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Since yesterday, New Zealand has been celebrating a great victory for its oceans and the coastal communities living on the eastern shores of Pacific island. The Environmental Protection Authority (EPA) refused marine consent to mine phosphorite nodules on the Chatham Rise, an area of ocean floor to the east of New Zealand, forming part of the Zealandia continent. It is also New Zealand’s most productive and important commercial fishing zone.

The official decision from the Decision-making Committee (DMC) was announced on the basis of the argument for which “mining would cause significant and permanent adverse effects on the existing benthic environment.” Also, the economic value of the project for New Zealand has been assessed as “moderate,” which is yet another reason leading to the final position taken by the DMC.

Bringing this experience from the Pacific Ocean across to Europe, the decision by New Zealand’s authorities’ is definitely a positive example to follow in other parts of the world. It is a timely decision to consider for the European Commission, when building its position on this highly controversial topic.

What can Europe learn from this?

Some time ago, we encouraged you to actively contribute to a public consultation launched by the Directorate General for Maritime Affaires and Fisheries of the European Commission between March and June 2014 on seabed mining.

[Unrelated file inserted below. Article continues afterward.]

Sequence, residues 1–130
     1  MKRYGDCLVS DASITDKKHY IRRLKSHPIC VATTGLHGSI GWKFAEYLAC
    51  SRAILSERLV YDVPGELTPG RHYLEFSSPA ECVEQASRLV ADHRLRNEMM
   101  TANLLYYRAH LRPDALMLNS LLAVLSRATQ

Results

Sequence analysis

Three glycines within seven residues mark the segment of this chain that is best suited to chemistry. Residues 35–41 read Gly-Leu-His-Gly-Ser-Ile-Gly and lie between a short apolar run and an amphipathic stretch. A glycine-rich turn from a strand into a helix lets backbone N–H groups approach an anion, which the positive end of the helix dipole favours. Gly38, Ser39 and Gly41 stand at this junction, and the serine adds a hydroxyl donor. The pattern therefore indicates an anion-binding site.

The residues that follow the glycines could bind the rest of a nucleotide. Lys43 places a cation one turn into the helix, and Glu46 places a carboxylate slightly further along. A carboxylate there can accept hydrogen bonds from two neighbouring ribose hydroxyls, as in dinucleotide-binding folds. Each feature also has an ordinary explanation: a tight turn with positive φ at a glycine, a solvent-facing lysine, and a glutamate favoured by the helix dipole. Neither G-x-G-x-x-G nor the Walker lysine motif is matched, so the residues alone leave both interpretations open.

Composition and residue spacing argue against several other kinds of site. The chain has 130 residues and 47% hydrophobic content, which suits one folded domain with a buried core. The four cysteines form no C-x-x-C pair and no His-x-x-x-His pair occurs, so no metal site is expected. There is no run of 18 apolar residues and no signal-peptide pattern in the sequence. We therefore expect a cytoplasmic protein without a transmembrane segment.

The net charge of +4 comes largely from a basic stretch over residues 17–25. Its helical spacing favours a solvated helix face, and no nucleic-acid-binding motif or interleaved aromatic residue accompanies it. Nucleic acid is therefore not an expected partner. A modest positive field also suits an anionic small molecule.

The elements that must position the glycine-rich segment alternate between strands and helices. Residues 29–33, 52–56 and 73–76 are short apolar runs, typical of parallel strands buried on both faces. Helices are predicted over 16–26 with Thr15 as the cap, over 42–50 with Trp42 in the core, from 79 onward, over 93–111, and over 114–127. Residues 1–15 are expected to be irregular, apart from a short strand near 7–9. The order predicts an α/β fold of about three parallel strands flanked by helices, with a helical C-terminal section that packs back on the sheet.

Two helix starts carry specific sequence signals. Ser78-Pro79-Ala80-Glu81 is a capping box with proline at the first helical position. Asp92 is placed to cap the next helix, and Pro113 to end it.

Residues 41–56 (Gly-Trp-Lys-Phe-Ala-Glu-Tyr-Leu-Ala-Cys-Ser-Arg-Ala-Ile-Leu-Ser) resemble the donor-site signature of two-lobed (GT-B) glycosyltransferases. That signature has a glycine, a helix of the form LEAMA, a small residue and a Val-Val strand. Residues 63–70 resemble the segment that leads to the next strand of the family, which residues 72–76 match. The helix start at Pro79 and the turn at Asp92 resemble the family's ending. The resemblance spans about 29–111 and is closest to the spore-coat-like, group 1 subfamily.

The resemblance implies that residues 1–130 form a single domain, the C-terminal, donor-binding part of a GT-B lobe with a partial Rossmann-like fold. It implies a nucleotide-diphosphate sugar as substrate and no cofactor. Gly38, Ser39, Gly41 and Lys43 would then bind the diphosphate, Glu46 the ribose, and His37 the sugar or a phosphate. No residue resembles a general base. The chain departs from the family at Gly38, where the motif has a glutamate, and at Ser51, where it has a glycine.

The “Say NO to deep-sea mining” campaign has gathered 206 replies with a representative selection of private bodies, public authorities, researchers and replies. The European Commission has published the contributions of the public consultation, and it will soon reveal a policy position and further steps on deep-sea mining operations in Europe.

Deep-sea mining is an emerging sector that poses a number of so far unanswered questions on the environmental risks and specifically on sustainability in its wider scale. Together with other environmental organizations, Oceana Europe participated in a mutual dialogue with EU policy-makers organized in November 2014 in Brussels. The aim of the meeting was to exchange views and strengthen partnership with NGOs in order to raise the voice of conservation organizations during the ongoing policy processes.

Engaging the wider public in the decision-making process is yet another plea from environmental groups. As for now, no public debates have been launched on the societal impacts of the deep-sea mining activities, even though its effects could be disastrous for many businesses, and could threaten access to seafood in many places. Undeniably, the impacts of mining operations will also influence consumer’s concerns about seafood quality.

On the question: “Will deep-sea mining ensure a healthy and productive marine environment in the long term?”, scientists and marine biologists have just one thing to say: “The undeniable answer, is no.”  

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